nabwmt.org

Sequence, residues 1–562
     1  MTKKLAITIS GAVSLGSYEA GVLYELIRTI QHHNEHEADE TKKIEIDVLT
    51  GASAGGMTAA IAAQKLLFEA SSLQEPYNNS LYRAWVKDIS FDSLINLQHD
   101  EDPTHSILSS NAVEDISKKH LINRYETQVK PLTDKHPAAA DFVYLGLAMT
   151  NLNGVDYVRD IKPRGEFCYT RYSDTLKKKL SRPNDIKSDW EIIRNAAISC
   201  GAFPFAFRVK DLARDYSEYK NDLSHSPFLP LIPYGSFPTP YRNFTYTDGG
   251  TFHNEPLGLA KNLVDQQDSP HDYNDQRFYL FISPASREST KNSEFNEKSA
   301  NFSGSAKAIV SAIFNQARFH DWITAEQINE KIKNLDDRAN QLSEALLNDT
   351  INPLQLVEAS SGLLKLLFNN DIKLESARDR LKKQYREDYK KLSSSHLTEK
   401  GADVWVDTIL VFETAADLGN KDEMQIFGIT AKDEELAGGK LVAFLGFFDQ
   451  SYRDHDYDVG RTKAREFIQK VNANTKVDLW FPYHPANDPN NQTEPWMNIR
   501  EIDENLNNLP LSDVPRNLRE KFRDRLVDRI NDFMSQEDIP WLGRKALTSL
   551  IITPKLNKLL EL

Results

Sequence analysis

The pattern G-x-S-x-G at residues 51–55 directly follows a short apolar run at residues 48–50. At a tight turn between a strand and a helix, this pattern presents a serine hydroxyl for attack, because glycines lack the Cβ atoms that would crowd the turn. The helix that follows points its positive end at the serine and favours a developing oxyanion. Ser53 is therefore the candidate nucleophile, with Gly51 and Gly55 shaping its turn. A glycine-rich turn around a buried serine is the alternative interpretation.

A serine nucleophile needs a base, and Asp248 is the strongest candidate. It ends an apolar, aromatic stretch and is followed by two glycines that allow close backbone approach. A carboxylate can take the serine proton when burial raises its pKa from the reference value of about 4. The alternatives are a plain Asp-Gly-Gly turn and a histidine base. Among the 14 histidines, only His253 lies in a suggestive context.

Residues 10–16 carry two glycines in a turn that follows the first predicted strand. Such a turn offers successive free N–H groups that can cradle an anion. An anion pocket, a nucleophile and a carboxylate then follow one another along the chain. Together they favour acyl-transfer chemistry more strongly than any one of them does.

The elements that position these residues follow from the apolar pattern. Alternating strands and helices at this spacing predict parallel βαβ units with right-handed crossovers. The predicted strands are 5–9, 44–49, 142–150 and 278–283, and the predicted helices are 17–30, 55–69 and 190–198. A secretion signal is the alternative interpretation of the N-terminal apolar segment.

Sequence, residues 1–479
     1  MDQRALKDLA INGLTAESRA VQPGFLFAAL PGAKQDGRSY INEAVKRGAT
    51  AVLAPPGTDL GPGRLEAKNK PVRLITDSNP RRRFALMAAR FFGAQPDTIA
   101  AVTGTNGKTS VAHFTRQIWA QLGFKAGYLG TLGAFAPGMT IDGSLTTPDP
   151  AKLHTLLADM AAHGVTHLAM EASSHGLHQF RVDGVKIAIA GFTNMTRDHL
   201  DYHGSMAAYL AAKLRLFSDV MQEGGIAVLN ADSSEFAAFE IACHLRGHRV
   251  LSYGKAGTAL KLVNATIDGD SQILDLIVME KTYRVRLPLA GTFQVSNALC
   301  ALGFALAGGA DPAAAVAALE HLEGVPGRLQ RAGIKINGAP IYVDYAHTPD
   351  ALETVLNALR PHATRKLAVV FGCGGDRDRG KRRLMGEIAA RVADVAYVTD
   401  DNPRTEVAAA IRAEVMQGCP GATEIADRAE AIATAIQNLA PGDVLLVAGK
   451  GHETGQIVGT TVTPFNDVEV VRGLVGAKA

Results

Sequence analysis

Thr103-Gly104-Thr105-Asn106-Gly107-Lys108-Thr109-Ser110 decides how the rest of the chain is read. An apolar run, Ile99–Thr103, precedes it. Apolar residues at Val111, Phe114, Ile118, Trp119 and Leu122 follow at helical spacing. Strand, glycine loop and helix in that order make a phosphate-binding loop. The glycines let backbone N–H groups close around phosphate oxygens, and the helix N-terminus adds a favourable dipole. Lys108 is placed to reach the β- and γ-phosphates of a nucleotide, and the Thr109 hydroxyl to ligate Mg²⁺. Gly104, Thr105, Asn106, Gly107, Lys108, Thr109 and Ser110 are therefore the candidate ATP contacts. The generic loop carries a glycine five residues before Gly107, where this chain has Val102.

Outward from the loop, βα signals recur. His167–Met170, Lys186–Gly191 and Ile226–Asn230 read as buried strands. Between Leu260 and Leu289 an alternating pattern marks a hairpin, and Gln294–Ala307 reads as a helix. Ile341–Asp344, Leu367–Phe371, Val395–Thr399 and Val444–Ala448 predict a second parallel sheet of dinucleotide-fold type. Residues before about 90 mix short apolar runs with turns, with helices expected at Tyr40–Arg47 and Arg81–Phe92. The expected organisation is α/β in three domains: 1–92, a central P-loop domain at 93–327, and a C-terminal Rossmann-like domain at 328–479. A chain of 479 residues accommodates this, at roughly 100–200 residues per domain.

Relationships – Straight and Gay﷯ Ken Scott Baron There appears to be a trend emerging these days, and that is, being in a straight and married relationship and then moving on to a gay life, which can include a same sex marriage sanctioned for now by federal law. In 1999, I may have been part of that trend of duality and benefitted from my situation of being in the right place at the right time. I was married prior to that year and brought up three kids. This was a joy and a source of great satisfaction. I was also working on my passion—science and engineering—with some of the biggest companies in the world. That’s the good news. The bad news was the homophobic environment. So, in my 50’s, I divorced and decided to come out. My kids were, and are now, supportive. I was then lucky to meet the love of my life. We eventually married, and our relationship is successful for us. If I am asked what makes my relationship in both my straight and gay lives, I would in one word say communication. My first marriage succeeded only in communicating of our needs and goals, and those of our children. What was lacking was my openness on my search for a soul mate. Yes, this is a trite expression for some, but for me, it embodies my feeling for my current life partner. How to keep it working? Communication, respect, humor and compromise. That’s my thoughts, how about yours? Single and Coupled Relationships By Brian Porter When I saw the opportunity to write about relationships, I figured, “Why not?” I’ve been both single and coupled in my life and recently married my partner of over 16½ years. Some say that’s an eternity in the gay world! Let’s briefly start out when I was single. But before I do that, I will say that the dynamics of both the straight and the gay worlds—whether you’re single or coupled—are identical. That is to say that things like communication, commitment, love, sex, honesty, fidelity, etc. are the same. When I was single, I was struggling for the most part, living paycheck to paycheck, aspiring in my career, falling flat on my face in some instances, only to pick myself back up and move forward. I always an ear and eye open for that relationship. In the back of my mind however, I really didn’t want to commit because I wasn’t financial stable, and hell, wasn’t even out to myself until I was 33 years old. To my single friends today some of whom may admire the love in my life and my relationship today, I ask, “Have you put yourself in the best position in your life to attract that husband?” When single, I was ok dating guys who were not out to their families. But they HAD to BE out to themselves. Some of the older guys like myself came out at a later age and was the most liberating experience in my life. It was not without huge risks. Would I lose my job? Would I ever achieve my dream job not being heterosexually married? Would I lose my family, parents, friends? Those were all pressing on me in 1993. Although I’m not a religious guy (raised Roman Catholic), I’ve always had a spiritual sense from an early age. So, my coming out was a coming out to God and with God as well. If everybody rejected me – since God and I have been tight, I will not only survive, but we will thrive—just me and Him. I had to have God to lean on in those days and still do today. All single men must be comfortable in their own skin, resolve internal conflicts of ‘homo’ being bad, etc, and be content with themselves and being single. Too often, singles say and think… “If only I had a spouse.” I say if what? You have to become attractable to attract. One need not strive to be become perfect in every way, but you must have your shit together! What do I mean by that? You can’t be just a dreamer, you have to be a doer of those dreams until some of them become reality… That process starts before the formation of a relationship. Striving for both emotional and financial stability or visibly moving toward those goals are essential foundations, since short- or long-term relationships must only enhance your already existing life. Anyone who says, “My life sucks because I don’t have a boyfriend or a relationship,” are missing the mark. Between my 30s and 40s, I too was looking for that boyfriend/husband-to-be but liked most that if it only turned out to be good sex. That, I might add, is quite ok! Why? I believed the in the absence of love, I’m going to have sex just like everyone else, because I really enjoy sex and I learned and surmised I could never commit to anyone unless both of us were in love with each other, not just in love with the notion of being in a relationship. So, over the years, I dated, had plenty of sex, but found that even with the greatest of guys, either I fell in love and he did not, OR he fell in love and I did not. So, under those circumstances, I never pursued a relationship. “I like you but….” So yes, plenty of broken hearts, both giving and receiving, but I fully appreciated those that were honest with me told me the truth, as I did to them. Love, Lust and Like? Can you separate them? Years ago, I decided that I’d continue having sex and if Love comes along, I’ll look at it and explore. I found out later that falling in love is magical, and it can’t be turned on or off like a light switch. We’ve often heard that once you give up looking or striving for love, it falls right in your lap. It’s somewhat comparable to ever hating someone and held a grudge for a long time, and then came to position to forgive that person. Did you feel the weight of the world off your shoulders and your inside and outside suddenly beaming with a new-found glow about you? The world can see and feel it from you too. As you release the pressures of having to have that husband, you suddenly become relaxed. Once my sister -in-law and brother stopped trying to get pregnant after 15 years—you guessed it—she got pregnant. Enjoying your life and learning to be content may coincide with the fact that you may be single now and for quite some time—or not! I was 40 years old when the magic hit. That is, we both fell in love—my one and only time–so I pursued this relationship as best I could. I honestly did not know him from Adam and he was only 1 of 3 f**k buds to come to my hotel room to do what adults do. Well afterwards, something clicked, and I followed up with phone calls and letters and to my pleasant surprise it “clicked” with him too. After that first meeting in November 2000, we talked and wrote letters to each other until July 7, 2001 when we both made a verbal and written commitment to each other. I didn’t believe in long term long distance relationships, so we had to decide who was to move where. Since I was at the beginning of my now long-term career employer, and he was at a no fun job- we decided for him to move in with me. We discussed our options and his commitments at his job, any long-term leases and his roommates, and he was not able to move in until February 2002, but our commitment date remains as July 7, 2001. So now what? We’re living together, both a first for us. Is this the test now? Well. in part yes. You get to learn more of each other, both good and bad, when you live together. “Am I perfect? No! Are you perfect? No! Since he accepted a fair risk to quit his job and move in with me, he had no idea of his job prospects, and I knew for me, that I’d have to financially support him while he was looking. That would only be fair, and I would have to give him all the time he needed to do so. We were both happy that he got a job within a week or 2 of moving in but I was prepared to support him for much longer. We did discuss much of this before the final move. Other topics for discussion: • Prior to moving in I was concerned about his being bisexual. My understanding of a true bisexual is you want and need both men and women for sexual gratification. Could a bi guy ever be monogamous? He said that he is with the person that he is committed to and that’s it. That alleviated that concern. • There is some truth to when you marry someone, you are marrying their parents and family. Having known that and also having been in relationship counseling, one warning flag for both people in any relationship, “Is what type of relationship do you have with your parents?” If it is toxic, guess what! You just married into that drama as well. How one treats his parents, how one views his parents, how one relates with his parents, is very telling and how your relationship will be with your partner. If your partner-to-be has negative issues with mom and/or dad, they should be resolved before you “tie the knot.” • When inexperienced we may have thought that when 2 people fall in love then monogamy will be instantaneous. • So now out comes the personality traits – can we live with them or do we have to move on? • How strong is your love and your bond to your love? How long will you last? Is the sex and lust fading? In all marriages, including mine, the lust diminishes, even the sex wanes- but the Love endures and grows like a well tendered garden. Physical violence and drug/alcohol addiction has no place within a marriage as is cause for divorce. • Everything else can be “worked out” and solved and fixed- even the seemingly biggest—infidelities. • As you ponder your current situation whether happily single or happily married or partnered, the glue that keeps anyone together is LOVE—not money, not job, not family and not sex—because we all had great sex with people we would never want to marry, right?! Space—the final frontier! It’s what you both need away from each other to sometimes remain sane. When we finally get together, we gradually incorporate our lives together that included friends, family, etc. We learn together what we like to do together and strive for that but by all means we must do stuff that we like that our partner may absolutely have no desire to partake in—that’s ok and quite normal. We can have our own set of friends and co-workers, hobbies, etc., that we do without partner. I believe these are common traits and characteristic of all long-term relationships. None of us are perfect at it but we strive to be kind even in the midst of disagreement. And finally, I do believe in the law of attraction—be good to attract good, be kind to attract kind, and if you want to be rich, hang out with guys like Warren Buffet or Bill Gates, not the opposite. You want a long term successful relationship, hang out with couples who are already there…be responsible to yourself and your partner… live life… enjoy life…. The author is now legally married as of Nov 21, 2017 😊 in beautiful Key West, Florida, having been committed together since July 7, 2001—almost 17 years!